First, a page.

Delivery Terms

What are delivery terms?

Delivery terms can be explained as purchasing information about how a product should be delivered. Information that should be specified includes payment terms for shipping, customs and potentially import, and who is responsible for paying in case of damage.

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Why are delivery terms needed?

There’s a lot to keep in mind when shipping goods, especially when it comes to contact with transporters, insurance companies and customs authorities. Both in Sweden and abroad.

That’s why the importance of delivery terms can’t be stressed enough, as they regulate the risk and cost division between seller and buyer in advance. By specifying who is responsible for what, you can prevent any unnecessary misunderstandings and conflicts.

To know what delivery terms could apply, you need to know about Incoterms® and the difference between various types of delivery terms. It’s even easier if you are a business client of PostNord and use Pre-Shipment/Booking to print delivery terms as well as labels.

The international term collection – Incoterms

As trade expands globally, so does the need for clear rules regarding shipping. To prevent misunderstandings and make it obvious who is responsible for what, there are a number of standardised terms that can be used as guidelines.

Behind some of these terms is the International Chamber of Commerce (ICC), whose collection of terms, called Incoterms®, are the most used in the world, and the most universally accepted. The Incoterms® standard rules apply regardless of mode of transport and look as follows:

  • Delivered Duty Paid
    Abbreviation: DDP
    Seller’s responsibility: all costs until the product has been delivered
  • Delivered at Place
    Abbreviation: DAP
    Seller’s responsibility: delivery
    Buyer’s responsibility: accepting products
  • Ex Works
    Abbreviation: EXW
    Seller’s responsibility: storage of goods
    Buyer’s responsibility: all costs including pickup at the location of the seller
  • Free Carrier
    Abbreviation: FCA
    Seller’s responsibility: delivery
    Buyer’s responsibility: transportation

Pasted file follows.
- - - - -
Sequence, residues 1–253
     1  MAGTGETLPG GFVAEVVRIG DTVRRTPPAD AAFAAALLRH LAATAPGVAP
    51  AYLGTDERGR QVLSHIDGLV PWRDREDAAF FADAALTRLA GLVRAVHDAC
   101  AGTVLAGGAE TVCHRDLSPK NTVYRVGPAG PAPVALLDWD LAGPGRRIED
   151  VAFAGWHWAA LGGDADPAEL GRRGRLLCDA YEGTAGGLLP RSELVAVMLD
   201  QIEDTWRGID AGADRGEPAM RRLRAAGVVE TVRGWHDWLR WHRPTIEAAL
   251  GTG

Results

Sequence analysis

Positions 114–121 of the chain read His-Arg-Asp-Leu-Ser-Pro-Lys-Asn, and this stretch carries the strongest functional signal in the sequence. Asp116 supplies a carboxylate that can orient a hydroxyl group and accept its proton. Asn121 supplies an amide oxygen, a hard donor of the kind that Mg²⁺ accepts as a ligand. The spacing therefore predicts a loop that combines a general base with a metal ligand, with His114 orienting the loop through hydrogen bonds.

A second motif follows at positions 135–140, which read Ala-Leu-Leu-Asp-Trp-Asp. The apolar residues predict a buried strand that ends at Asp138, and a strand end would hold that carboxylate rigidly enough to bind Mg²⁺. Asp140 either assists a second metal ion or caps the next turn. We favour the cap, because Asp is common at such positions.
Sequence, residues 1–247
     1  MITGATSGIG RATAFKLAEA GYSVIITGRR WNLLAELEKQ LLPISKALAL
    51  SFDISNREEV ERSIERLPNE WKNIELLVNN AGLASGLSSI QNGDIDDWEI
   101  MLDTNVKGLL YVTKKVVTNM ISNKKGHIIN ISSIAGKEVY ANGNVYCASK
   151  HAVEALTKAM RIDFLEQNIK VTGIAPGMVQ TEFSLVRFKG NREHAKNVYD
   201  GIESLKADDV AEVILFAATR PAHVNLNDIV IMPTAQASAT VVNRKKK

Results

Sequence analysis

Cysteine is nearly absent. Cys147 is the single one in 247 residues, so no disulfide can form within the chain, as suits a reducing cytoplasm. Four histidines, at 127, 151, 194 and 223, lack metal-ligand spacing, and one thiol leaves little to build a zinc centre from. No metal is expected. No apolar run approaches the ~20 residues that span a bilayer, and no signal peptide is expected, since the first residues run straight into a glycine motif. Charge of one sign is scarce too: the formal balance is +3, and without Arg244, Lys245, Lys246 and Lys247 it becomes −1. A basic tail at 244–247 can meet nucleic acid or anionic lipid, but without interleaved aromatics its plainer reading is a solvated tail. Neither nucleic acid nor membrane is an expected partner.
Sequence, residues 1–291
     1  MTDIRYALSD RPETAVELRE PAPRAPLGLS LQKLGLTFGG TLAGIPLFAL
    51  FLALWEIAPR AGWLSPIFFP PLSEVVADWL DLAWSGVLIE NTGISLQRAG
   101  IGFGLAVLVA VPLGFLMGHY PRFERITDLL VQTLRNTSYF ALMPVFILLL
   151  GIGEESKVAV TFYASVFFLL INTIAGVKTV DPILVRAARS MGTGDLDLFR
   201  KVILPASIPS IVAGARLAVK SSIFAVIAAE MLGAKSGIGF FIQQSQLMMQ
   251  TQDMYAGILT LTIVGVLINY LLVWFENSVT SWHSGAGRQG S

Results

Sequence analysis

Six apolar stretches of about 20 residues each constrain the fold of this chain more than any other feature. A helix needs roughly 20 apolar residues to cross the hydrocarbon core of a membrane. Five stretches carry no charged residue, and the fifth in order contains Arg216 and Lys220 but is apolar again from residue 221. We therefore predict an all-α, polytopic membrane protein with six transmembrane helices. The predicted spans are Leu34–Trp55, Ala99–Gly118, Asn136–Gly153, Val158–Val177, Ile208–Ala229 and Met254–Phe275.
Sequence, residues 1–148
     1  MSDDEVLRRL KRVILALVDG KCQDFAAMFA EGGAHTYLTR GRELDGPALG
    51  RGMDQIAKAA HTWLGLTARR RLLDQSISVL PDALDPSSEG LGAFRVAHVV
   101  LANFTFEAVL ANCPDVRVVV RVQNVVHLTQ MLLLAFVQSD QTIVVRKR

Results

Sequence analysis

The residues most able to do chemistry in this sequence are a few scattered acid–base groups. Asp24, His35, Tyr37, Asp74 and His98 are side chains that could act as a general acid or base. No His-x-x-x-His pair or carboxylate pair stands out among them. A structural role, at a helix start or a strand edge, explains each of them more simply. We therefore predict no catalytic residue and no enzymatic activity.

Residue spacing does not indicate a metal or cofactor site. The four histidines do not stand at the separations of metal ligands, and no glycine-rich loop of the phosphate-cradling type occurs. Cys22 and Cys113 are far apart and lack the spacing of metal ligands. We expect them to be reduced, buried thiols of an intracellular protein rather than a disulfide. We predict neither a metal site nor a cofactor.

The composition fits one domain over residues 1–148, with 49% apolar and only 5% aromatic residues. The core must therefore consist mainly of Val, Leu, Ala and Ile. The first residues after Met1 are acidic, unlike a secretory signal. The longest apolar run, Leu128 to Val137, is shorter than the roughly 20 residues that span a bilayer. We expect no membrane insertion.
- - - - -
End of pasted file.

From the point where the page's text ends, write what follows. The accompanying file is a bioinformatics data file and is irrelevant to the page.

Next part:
• Carriage and Insurance Paid to
    Abbreviation: CIP
    Seller’s responsibility: delivery to agreed location
    Buyer’s responsibility: import
  • Delivered at Terminal
    Abbreviation: DAT
    Seller’s responsibility: sending the products
    Buyer’s responsibility: collecting the delivery at the agreed terminal
  • Carriage Paid to
    Abbreviation: CPT
    Seller’s responsibility: export to agreed location
    Buyer’s responsibility: import and insurance

A commonly used delivery term

Despite this collection of rules, it can still be difficult to know exactly what terms apply. The ICC standard terms can act as a template.

The delivery term of choice by many companies is called FCA, which stands for Free Carrier. The term means that the buyer will collect the goods at the location of the seller, which makes it easy to calculate costs for packaging, export declaration, insurance, and so on.

Deciding factors

Among the factors that should be decisive in the choice of delivery terms are the type of goods and method of shipping (container, bulk, etc.). As a seller, you should check what shipping terms are most advantageous to you by considering factors like who should pay for shipping, who is responsible for packaging and any damages, and so on.

Finally, the laws surrounding export and import must be followed to the letter, which makes it necessary to have all paperwork with required information in order.

Frequently asked questions about delivery terms

What is Incoterms?

Incoterms® is a collection of delivery terms written by ICC, the International Chamber of Commerce, and frequently used for international and domestic trade.

Why are delivery terms needed?

Primarily, terms regulate the responsibilities of buyer and seller respectively. They are also a clarification for the receiving customs authorities and other parties involved.

Who are the terms most crucial for?

The terms are important to both the buyer and seller because they regulate who covers what in terms of costs associated with shipping.